communication to the attention of the Permanent Representative of the United States of America to the United Nations Office at Geneva. He invited the Government to provide any information it deemed appropriate both concerning the facts alleged by the source and the applicable legislation governing the arrest and detention of the above-mentioned persons. The deadline for reply, in conformity with the revised methods of work, was 90 days from the date of transmittal
of the letter. Since neither was a reply provided nor a request for an extension of the 90-day time limit, on 10 April 2003 a note verbale was sent to the Permanent Mission of the United States advising it that at the thirty-sixth session of the Working Group, which would take place from 5 to 9 May 2003 in Geneva, the Working Group would consider the cases of detention of the above-mentioned persons. No reply to the note verbale was received.
9. Since its establishment in 1991, the constant endeavour of the Working Group has been to dispose of cases within its mandate through a dialogue conducted with both authors of individual communications and Governments. Such dialogue is particularly important in combating international terrorism in view of the sensitive issue of how to strike a fair balance between the interests of the international community and the restriction of individual rights and freedoms which, sometimes inevitably, accompanies the fight against terrorism (see, in this regard, the Working Group’s legal opinion regarding the deprivation of liberty of persons
detained in Guantánamo Bay, in E/CN.4/2003/8, paras. 61-64). It is for this reason that the Working Group deplores the Government’s failure to make any observation whatsoever on the communication.
10. Despite the lack of information from the Government, the Working Group is duty bound to render an opinion. It must rely on the provision of paragraph 16 of its revised methods of work which stipulates that “… even if no reply has been received upon expiry of the time limit set, the Working Group may render an opinion on the basis of all the information it has obtained”.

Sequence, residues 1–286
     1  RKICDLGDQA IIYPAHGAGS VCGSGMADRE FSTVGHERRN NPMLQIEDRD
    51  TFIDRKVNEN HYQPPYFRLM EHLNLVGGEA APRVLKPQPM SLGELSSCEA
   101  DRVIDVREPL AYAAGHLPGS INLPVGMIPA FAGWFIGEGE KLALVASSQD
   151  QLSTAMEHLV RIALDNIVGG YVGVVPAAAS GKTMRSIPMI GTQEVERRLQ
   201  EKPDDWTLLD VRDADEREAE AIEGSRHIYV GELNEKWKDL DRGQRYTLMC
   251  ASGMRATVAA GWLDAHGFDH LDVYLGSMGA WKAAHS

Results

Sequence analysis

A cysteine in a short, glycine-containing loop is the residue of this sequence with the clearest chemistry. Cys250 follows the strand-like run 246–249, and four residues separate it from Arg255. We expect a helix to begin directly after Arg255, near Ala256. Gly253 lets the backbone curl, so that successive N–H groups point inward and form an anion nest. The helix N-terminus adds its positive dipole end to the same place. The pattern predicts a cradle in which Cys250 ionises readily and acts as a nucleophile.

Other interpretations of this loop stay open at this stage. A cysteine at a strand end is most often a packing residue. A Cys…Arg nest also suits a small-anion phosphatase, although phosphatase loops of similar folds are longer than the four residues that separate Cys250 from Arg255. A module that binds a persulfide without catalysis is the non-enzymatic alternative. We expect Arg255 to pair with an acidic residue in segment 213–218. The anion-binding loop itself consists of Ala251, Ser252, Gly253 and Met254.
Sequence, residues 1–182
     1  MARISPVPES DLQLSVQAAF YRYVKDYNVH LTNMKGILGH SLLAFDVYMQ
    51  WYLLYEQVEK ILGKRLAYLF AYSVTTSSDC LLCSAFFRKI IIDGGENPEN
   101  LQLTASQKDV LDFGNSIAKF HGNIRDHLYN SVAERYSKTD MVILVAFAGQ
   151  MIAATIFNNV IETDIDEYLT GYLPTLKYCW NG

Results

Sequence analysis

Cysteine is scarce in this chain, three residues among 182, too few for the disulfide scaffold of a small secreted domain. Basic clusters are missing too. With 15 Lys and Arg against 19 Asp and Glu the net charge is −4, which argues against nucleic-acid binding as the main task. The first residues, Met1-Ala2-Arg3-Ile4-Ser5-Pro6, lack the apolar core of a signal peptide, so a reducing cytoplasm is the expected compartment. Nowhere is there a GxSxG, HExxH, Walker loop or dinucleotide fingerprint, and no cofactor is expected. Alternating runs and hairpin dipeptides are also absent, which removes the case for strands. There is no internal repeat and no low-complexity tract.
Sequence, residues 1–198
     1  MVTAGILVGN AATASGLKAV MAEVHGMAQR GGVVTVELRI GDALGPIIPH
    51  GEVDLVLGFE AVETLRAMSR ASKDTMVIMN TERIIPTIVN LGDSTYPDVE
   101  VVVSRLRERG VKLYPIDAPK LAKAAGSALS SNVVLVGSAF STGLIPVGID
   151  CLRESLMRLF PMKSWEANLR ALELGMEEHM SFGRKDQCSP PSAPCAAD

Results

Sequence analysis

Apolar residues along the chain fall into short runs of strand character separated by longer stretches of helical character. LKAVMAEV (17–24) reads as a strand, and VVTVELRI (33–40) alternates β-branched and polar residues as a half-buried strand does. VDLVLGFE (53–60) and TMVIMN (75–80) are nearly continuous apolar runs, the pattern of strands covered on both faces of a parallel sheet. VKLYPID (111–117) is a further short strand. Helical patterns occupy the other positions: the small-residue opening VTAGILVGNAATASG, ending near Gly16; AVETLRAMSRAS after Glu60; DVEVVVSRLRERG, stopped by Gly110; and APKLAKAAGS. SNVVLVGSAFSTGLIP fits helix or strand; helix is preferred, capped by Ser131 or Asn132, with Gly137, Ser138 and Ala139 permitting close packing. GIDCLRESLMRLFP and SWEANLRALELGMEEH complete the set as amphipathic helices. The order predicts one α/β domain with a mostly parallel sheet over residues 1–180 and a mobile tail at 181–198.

11. On the basis of the information provided by the source, which appears to the Working Group to be factually accurate and consistent, the Working Group cannot but conclude that there is no legal basis for the deprivation of liberty of Mourad Benchellali, Khaled Ben Mustafa, Nizar Sassi and Hamed Abderrahaman Ahmed.
12. In accordance with the foregoing, the Working Group renders the following opinion: The deprivation of liberty of Mourad Benchellali, Khaled Ben Mustafa, Nizar Sassi and Hamed Abderrahaman Ahmed is arbitrary, being in contravention of article 9 of the Universal Declaration of Human Rights and article 9 of the International Covenant on Civil and Political Rights, to which the United States of America is a party, and falls within category I of the categories applicable to the consideration of cases submitted to the Working Group.
13. Consequent upon the opinion rendered, the Working Group requests the Government to take the necessary steps to remedy the situation and to bring it into conformity with the standards and principles set forth in the Universal Declaration of Human Rights and the International Covenant on Civil and Political Rights.
Adopted on 8 May 2003